The software behind the magic of a Doubletake mosaic has been in development for over twelve years and its sophistication and capabilities extend far beyond any commercial software.So why does this matter?When creating a mosaic image from a collection of drawings or photographs, there are trillions of possible ways that the image can be put together. But there’s only one right way! And if you don’t happen to get it right the image will look splotchy and pixelated.

Just because a tile happens to fit into a particular area of the mosaic doesn’t mean that it should be placed there. Perhaps another picture (that fits almost as well) could go there, and the other used to fill a different position.

So Doubletake’s software uses a unique approach. It doesn’t try and find the best possible placement for each individual tile. Using a process called artificial evolution, the software takes three random guesses at the best combination. The guess that looks the best (based on a proprietary scoring system) spawns three more guesses each slightly different from its parent. This organic process is repeated until no further improvement is possible.

The resulting mosaic is smooth, organic, and with graduated tonal ranges.

But the real work comes in the analysis and adjustment of the main image prior to building the mosaic. This is the true art of mosaic making, and it takes years of experience to understand how the main image will integrate with the component tiles. It is how Doubletake was able to create the high resolution mosaics for Disneyland’s 50th Anniversary, and enables it to make minimalist mosaics.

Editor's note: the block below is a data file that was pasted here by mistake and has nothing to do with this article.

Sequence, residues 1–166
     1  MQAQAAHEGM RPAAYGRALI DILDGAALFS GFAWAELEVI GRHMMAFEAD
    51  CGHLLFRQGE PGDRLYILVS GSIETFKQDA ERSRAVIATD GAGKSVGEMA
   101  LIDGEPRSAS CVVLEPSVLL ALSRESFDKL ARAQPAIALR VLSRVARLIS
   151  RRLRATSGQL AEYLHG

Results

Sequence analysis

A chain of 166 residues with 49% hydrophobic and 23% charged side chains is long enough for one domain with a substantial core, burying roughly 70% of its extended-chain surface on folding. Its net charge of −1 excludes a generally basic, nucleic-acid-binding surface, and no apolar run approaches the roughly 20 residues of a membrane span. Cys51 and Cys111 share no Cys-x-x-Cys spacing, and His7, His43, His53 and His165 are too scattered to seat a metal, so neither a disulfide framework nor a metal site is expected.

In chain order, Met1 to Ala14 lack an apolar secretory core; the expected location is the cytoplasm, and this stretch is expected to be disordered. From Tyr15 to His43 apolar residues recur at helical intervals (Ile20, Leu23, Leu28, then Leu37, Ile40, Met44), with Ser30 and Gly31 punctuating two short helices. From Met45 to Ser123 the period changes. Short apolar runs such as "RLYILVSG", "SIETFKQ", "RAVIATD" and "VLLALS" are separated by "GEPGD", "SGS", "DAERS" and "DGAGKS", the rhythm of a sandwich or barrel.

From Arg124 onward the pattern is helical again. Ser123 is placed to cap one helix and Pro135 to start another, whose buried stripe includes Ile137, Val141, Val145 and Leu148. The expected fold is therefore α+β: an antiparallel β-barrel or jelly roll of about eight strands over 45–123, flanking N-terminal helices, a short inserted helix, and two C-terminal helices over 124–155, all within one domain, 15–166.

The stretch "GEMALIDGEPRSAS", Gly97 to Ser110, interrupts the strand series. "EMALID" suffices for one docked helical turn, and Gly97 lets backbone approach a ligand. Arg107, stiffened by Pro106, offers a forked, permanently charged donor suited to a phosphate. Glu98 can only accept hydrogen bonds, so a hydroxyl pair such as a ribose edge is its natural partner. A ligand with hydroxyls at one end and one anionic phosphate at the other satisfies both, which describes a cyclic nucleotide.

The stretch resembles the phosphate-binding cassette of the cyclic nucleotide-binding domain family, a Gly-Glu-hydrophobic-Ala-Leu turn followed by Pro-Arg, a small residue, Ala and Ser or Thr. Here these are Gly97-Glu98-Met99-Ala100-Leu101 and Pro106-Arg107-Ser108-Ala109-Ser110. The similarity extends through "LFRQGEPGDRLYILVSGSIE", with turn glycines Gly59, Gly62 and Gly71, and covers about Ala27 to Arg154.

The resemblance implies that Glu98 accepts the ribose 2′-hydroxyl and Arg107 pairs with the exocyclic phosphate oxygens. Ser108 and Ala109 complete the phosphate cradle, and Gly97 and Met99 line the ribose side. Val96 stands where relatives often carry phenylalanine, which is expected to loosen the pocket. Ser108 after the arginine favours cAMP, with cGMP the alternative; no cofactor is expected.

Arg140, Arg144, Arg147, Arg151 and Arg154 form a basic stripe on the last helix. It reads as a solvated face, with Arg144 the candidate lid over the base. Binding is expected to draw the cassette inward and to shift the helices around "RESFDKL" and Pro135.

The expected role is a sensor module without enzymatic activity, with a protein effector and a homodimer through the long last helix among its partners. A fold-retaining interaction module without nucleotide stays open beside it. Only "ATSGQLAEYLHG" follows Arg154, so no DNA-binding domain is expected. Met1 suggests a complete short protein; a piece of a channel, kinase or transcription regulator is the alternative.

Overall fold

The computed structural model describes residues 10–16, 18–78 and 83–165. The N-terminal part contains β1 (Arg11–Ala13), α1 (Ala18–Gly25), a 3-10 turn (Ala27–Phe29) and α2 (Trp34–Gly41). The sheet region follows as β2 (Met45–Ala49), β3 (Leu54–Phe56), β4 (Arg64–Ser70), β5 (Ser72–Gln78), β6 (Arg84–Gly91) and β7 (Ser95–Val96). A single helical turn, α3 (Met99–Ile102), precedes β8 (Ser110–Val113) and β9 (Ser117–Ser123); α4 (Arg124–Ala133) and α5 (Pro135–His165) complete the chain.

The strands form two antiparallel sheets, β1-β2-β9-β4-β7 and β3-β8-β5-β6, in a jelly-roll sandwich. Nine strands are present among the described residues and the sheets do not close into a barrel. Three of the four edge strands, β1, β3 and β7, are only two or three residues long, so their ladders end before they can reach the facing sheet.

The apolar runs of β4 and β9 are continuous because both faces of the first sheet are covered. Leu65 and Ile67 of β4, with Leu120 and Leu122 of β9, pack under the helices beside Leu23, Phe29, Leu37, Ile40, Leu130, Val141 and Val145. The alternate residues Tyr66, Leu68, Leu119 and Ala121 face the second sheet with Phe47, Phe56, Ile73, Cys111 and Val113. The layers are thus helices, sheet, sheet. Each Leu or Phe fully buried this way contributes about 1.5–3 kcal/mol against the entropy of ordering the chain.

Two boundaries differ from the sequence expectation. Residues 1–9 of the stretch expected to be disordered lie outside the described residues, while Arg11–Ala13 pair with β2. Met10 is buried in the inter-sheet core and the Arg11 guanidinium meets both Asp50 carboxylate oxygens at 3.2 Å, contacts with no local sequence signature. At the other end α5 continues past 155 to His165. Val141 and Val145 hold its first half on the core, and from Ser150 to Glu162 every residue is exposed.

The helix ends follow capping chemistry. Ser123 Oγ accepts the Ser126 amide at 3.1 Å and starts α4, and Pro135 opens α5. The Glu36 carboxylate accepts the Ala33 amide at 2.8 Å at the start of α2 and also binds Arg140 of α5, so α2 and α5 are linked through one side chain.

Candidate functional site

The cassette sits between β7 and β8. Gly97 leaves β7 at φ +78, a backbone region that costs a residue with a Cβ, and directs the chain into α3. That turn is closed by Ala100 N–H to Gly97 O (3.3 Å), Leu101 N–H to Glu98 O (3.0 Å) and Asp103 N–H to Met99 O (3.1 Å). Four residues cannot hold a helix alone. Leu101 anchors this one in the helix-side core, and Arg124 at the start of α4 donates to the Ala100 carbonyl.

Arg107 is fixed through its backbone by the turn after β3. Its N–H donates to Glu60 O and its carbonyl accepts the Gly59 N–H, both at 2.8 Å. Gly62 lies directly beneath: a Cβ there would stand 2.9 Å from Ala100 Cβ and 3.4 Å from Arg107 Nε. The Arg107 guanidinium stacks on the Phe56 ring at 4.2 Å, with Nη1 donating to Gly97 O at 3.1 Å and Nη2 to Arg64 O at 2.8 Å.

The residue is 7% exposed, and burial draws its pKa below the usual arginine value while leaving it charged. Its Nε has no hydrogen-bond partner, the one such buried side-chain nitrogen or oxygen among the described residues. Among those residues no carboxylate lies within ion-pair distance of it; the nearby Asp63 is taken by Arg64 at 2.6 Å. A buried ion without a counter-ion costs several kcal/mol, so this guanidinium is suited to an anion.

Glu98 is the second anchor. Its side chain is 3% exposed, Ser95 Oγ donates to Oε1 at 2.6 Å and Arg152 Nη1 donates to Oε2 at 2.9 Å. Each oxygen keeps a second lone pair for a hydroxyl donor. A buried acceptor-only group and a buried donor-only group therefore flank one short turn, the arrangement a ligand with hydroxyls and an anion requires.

Doubletake’s software is capable of rendering full motion mosaics, invisible mosaics, impressionist mosaics. The mosaic software is also capable of tracking the locations of each small picture, making its unique sport posters possible.



Mosaic art, or pittra per l’eternita (painting for eternity) has a rich history as one of the world’s most durable art forms. Examples from the ancient era have withstood the elements and centuries of mistreatment. Because of the dedication required by their artisans, many mosaics contain religious themes commissioned for cathedrals and mosques, but they have also been used as floors, walls and altars. It is commonly agreed that the Sumerian mosaics circa 3,000 B.C. are amongst the oldest, while the most famous is undoubtedly the interior of the entire dome in St. Peter’s Basilica in Vatican City.

Mosaics have commonly followed the artistic styles of their day. Some were decorative patterns but many were figurative and conveyed a message or told a story. Traditionally, the tesserae (individual pieces of mosaic material) were cut and arranged in shapes that helped form the contours of each image. In the ‘new renaissance’ of the 21st century, the merging of this ancient craft with modern techniques has brought about a stunning new art form with a history of its own.


1973 saw the arrival of some of the first photographic mosaic processes when Leon Harmon of Bell Labs wrote an article for Scientific American in November 1973, titled “The Recognition of Faces”. This portrait of Lincoln was included in the article as a demonstration of the minimal conditions to recognize a face.

This is just a very low resolution rendering (252 pixels) of a grayscale image of Lincoln. Each pixel is seen as a ’tile’, in this case a large square, in a shade of grey. Today this would be easily done in any graphics program on a computer by simply resizing the image down to 252 pixel total size, but Harmon may have used a photographic process to do this. Because of the low resolution, each pixel is a square tile. This image of Lincoln needs to viewed at a distance to see the face (or try squinting). The fact that Lincoln’s face is so well known makes its recognition easier.